New Zealand Cricket chief David White called Tuesday for Test cricket to continue its pink-ball revolution by slashing the format to four days and introducing two divisions.
The longest form of the game has struggled to find an audience in the Twenty20 era, prompting the introduction last year of day-night Test cricket played under lights with a pink ball.
The Black Caps were part of that first day-night Test against Australia at Adelaide Oval and White described it as "one of the great sporting events".
But rather than rest on its laurels, White said Test cricket needed to keep innovating to improve its relevance.
He strongly supported the idea of cutting the length of Tests from five days to four, which he said would "greatly assist with programming and player workloads".
The idea, first floated by former Australian captain Mark Taylor, has already won support from fellow Aussie greats Shane Warne and Greg Chappell, as well as England Cricket Board chairman Colin Graves.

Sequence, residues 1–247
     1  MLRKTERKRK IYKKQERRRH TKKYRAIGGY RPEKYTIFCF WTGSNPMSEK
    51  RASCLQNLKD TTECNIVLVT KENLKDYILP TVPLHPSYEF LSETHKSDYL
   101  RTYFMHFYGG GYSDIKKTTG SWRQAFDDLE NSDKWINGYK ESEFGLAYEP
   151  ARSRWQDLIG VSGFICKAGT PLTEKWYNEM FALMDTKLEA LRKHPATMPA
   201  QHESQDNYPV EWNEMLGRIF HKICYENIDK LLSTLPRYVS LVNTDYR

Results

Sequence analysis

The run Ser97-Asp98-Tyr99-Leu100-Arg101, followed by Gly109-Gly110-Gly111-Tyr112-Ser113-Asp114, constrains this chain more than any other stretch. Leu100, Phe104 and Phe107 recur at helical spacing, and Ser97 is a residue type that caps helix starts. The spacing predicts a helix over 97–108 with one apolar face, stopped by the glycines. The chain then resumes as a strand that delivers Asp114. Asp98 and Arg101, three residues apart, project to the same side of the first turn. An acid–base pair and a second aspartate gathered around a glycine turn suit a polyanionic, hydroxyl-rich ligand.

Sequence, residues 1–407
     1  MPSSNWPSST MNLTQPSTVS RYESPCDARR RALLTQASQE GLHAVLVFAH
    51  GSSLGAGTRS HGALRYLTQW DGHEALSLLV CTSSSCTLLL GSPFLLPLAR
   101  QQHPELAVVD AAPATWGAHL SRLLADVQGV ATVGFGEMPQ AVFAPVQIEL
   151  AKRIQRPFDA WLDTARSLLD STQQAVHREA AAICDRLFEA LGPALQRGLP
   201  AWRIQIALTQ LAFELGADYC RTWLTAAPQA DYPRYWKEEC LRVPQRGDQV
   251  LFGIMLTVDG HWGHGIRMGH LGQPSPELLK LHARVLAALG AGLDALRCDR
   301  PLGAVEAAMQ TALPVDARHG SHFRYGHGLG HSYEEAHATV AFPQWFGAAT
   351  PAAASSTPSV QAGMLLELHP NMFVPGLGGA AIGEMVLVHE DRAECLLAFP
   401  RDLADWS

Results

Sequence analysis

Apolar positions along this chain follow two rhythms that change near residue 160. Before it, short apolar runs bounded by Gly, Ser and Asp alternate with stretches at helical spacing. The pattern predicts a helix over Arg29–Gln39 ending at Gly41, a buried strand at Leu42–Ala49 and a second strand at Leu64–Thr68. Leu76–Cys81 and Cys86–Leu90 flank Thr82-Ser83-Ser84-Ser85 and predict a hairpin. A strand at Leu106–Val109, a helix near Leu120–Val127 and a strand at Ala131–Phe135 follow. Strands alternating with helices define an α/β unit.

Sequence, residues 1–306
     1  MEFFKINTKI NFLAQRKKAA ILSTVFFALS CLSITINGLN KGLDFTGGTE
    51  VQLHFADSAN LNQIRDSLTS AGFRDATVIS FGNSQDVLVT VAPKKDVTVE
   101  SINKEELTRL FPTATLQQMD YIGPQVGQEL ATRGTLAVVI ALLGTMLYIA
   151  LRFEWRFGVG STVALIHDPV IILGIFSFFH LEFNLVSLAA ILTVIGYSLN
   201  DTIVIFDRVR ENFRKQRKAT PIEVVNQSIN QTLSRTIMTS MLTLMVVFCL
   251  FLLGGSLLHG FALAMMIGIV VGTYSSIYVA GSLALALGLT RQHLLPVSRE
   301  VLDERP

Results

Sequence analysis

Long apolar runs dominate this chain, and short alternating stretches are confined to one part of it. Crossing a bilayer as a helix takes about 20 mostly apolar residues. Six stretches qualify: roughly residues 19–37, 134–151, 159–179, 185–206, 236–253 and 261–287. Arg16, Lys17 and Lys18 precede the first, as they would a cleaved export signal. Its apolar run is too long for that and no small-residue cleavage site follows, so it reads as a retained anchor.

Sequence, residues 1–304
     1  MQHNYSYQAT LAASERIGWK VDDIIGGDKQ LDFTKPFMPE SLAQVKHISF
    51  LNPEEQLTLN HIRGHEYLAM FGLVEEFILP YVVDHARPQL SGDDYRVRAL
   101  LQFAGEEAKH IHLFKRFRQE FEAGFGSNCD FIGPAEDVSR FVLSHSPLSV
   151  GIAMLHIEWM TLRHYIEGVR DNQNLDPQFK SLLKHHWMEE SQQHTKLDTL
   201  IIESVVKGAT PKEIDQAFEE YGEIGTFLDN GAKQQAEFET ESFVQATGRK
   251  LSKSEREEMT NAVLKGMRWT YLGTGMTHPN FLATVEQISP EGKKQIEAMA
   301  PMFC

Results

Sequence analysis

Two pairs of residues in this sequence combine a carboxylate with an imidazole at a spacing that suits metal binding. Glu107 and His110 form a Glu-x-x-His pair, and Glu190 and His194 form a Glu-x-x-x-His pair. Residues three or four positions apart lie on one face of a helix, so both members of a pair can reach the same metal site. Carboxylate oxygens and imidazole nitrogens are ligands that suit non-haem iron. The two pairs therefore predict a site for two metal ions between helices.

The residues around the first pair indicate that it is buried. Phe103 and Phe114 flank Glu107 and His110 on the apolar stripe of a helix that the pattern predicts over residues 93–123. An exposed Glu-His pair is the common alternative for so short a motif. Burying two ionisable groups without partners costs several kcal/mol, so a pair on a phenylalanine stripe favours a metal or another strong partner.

"We need to seriously look at it," White told ESPNCricinfo.com. "One of the challenges at the moment is if you play a three-Test series it has to be played over four weeks. Four weeks is a long time.
"But if you play a three-Test series of four-day cricket, it can be played over three weeks, so you save a week."
White also supported plans to introduce two divisions in Test cricket, saying it would give greater "context" to the game.
"If we had a competition with promotion and relegation, and a winner at the end, it would really increase interest, no doubt about that," he said.
White said if two divisions were introduced, steps needed to be taken to ensure countries that were in the bottom tier were not disadvantaged financially.
However, "weaker" Test nations such as Zimbabwe and Bangladesh have vowed to vehemently oppose such a system, fearing they never play the top Test nations who will have formed a de facto premier league.
A four-day format is also likely to meet opposition from traditionalists, who were against the pink-ball innovation and fear further bastardisation of a game dating back to 1877.
However, there has been a steady stream of changes since then, including covered wickets, banning underarm bowling and reducing the number of balls an over from eight to six.
Teams in the 1920s and 1930s often played "timeless Tests" to try to ensure a result if a series was deadlocked.
The practice was abandoned in 1939 when a Test between South Africa and England in Durban lasted 10 days and still was abandoned as a draw because the tourists needed to leave to catch their boat home.